2
$\begingroup$

Let $X_n = X_1, X_2,..., X_n$ be a random sample of $X \sim U(0, \theta)$, where $\theta$ is an unknown parameter. Assuming confidence level $1 — \alpha$, find confidence interval for $\theta$ where:

a) n = 2

b) n $\geqslant$ 100

I've got answers for this question yet I still cannot solve it. I need an explanation.

Answers:

a) $\langle\frac{2\overline{X}_2}{2-\sqrt{\alpha}},\frac{2\overline{X}_2}{\sqrt{\alpha}}\rangle$

b) $\langle\frac{2\overline{X}_{100}}{2-\sqrt{\alpha}},\frac{2\overline{X}_{100}}{\sqrt{\alpha}}\rangle$

$\endgroup$
  • 3
    $\begingroup$ Because there are many ways to obtain confidence intervals in this situation, you might begin not by guessing what the question has in mind but instead by verifying these intervals have the properties needed of a confidence interval: namely, that they indeed will include $\theta$ with probability $1-\alpha.$ That calculation might help you see how the intervals were developed. $\endgroup$ – whuber Jun 5 '18 at 16:15
2
$\begingroup$

I am wondering how you get this confidence interval. My method could be using the pivot, but result in different interval.

Let $Q = \frac{X_{(n)}}{\theta}$, where $X_{(n)}$ is the largest order statistics of $X_1, ......, X_n$. Then,

$$P(Q \le t) = \prod_{i=1}^nP(X_i \le t\theta) = t^n$$

, so Q is a pivot (independent of the parameter $\theta$). Take $c_n = \alpha^{\frac{1}{n}}$ we obtain $P(Q \le c_n) = \alpha$ and given that $P(Q \le 1) = 1$, we have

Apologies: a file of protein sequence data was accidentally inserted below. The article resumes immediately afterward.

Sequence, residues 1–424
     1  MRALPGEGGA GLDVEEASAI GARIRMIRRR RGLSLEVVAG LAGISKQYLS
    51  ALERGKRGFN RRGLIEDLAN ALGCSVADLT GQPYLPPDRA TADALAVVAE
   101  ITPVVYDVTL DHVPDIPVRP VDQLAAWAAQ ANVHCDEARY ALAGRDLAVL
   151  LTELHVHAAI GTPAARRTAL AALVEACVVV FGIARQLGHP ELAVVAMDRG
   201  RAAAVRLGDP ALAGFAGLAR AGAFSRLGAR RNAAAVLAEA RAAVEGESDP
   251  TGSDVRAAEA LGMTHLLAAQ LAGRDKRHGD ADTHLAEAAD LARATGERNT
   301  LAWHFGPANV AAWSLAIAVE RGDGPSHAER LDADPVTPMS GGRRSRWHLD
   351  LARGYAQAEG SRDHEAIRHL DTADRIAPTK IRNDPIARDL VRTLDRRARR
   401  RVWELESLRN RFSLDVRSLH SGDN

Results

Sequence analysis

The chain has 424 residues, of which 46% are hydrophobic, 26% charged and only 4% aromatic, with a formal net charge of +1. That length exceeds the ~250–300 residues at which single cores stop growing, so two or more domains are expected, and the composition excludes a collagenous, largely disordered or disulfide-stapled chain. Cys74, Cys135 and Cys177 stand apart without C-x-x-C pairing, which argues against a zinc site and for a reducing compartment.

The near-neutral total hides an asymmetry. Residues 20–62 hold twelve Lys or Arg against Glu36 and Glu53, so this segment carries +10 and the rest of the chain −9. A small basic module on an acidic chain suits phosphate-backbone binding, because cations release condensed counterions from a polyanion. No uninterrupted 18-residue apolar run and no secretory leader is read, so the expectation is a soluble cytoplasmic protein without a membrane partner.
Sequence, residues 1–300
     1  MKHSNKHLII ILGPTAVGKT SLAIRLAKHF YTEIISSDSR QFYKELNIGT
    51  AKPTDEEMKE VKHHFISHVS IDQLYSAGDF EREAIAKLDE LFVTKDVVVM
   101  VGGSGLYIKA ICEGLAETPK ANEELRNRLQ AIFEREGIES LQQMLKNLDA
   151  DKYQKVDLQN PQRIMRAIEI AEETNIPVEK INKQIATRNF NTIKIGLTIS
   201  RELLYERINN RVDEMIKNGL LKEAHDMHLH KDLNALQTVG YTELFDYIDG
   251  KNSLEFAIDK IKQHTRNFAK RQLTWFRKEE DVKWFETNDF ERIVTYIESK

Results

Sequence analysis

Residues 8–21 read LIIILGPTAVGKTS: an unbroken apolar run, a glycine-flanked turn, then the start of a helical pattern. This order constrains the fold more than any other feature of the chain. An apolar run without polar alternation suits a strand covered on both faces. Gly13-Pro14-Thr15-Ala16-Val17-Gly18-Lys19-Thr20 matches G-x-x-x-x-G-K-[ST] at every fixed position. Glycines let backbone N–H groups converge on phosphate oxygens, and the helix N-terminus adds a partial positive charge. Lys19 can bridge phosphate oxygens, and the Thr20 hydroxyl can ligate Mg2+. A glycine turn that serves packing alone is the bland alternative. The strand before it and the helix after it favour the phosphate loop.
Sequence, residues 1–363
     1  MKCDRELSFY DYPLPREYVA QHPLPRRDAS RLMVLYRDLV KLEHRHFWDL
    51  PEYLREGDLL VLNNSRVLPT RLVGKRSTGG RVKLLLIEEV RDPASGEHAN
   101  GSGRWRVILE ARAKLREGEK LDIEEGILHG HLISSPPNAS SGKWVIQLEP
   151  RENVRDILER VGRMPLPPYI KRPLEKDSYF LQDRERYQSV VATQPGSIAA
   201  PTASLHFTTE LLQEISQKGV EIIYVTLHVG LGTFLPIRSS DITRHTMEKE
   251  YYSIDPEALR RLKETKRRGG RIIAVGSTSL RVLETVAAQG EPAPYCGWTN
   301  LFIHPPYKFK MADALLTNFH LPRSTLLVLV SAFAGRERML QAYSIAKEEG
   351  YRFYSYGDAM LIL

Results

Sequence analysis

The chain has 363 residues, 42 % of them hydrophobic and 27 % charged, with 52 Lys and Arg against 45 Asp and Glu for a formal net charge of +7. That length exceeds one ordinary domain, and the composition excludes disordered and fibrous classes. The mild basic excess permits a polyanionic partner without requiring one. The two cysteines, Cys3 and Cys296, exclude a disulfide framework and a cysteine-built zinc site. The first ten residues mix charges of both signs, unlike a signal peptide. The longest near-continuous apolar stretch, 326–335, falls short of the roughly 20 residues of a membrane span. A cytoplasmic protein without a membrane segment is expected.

$$1 - \alpha = P(c_n \le Q \le 1) = P(c_n \le \frac{X_{(n)}}{\theta} \le 1) =P(X_{(n)} \le \theta \le \frac{X_{(n)}}{c_n})$$

So the $1-\alpha$ confidence interval for $\theta$ is $\Big(X_{(n)}, \frac{X_{(n)}}{\alpha^{\frac{1}{n}}}\Big)$

Finally you can plug in n = 2 and n = 100 to get different answers. (But sorry it is not the same you give here.)

| cite | improve this answer | |
$\endgroup$
  • $\begingroup$ This is the shortest length CI but not the one OP is interested in, which is based on a different pivot. $\endgroup$ – StubbornAtom Jan 21 '19 at 18:02
  • 1
    $\begingroup$ True, but I would think the OP should be interested in this. Just because OP has been given a pre-specified answer does not mean he should not be exposed to other techniques. $\endgroup$ – Ben - Reinstate Monica Jan 21 '19 at 21:05
  • 1
    $\begingroup$ @Ben Well, OP is long gone but absolutely agree with you. $\endgroup$ – StubbornAtom Jan 21 '19 at 21:22
2
$\begingroup$

For $n=2$, note that $X_1/\theta$ and $X_2/\theta$ are independent $U(0,1)$ variables.

This means $T=(X_1+X_2)/\theta$ has the density

$$f_T(t)=t\mathbf1_{0<t<1}+(2-t)\mathbf1_{1<t<2}$$

So here $T=\frac{2}{\theta}\overline X$ is your desired pivot for constructing a confidence interval for $\theta$.

Now there exist $t_1,t_2$ such that for all $\theta>0$, $$P_{\theta}\left(t_1<\frac{2\overline X}{\theta}<t_2\right)=1-\alpha\tag{1}$$

That is, $$P_{\theta}\left(\frac{2\overline X}{t_2}<\theta<\frac{2\overline X}{t_1}\right)=1-\alpha$$

And $t_1,t_2$ is found in terms of $\alpha$ from condition $(1)$, namely $$\int_{t_1}^{t_2} f_T(t)\,dt=1-\alpha$$

Similar reasoning should be valid for a general $n$ variables, where a pivot for $\theta$ is given by $\frac{1}{\theta}\sum\limits_{k=1}^n X_k=\frac{n}{\theta}\overline X$, having the Irwin-Hall distribution.

| cite | improve this answer | |
$\endgroup$

Your Answer

By clicking “Post Your Answer”, you agree to our terms of service, privacy policy and cookie policy

Not the answer you're looking for? Browse other questions tagged or ask your own question.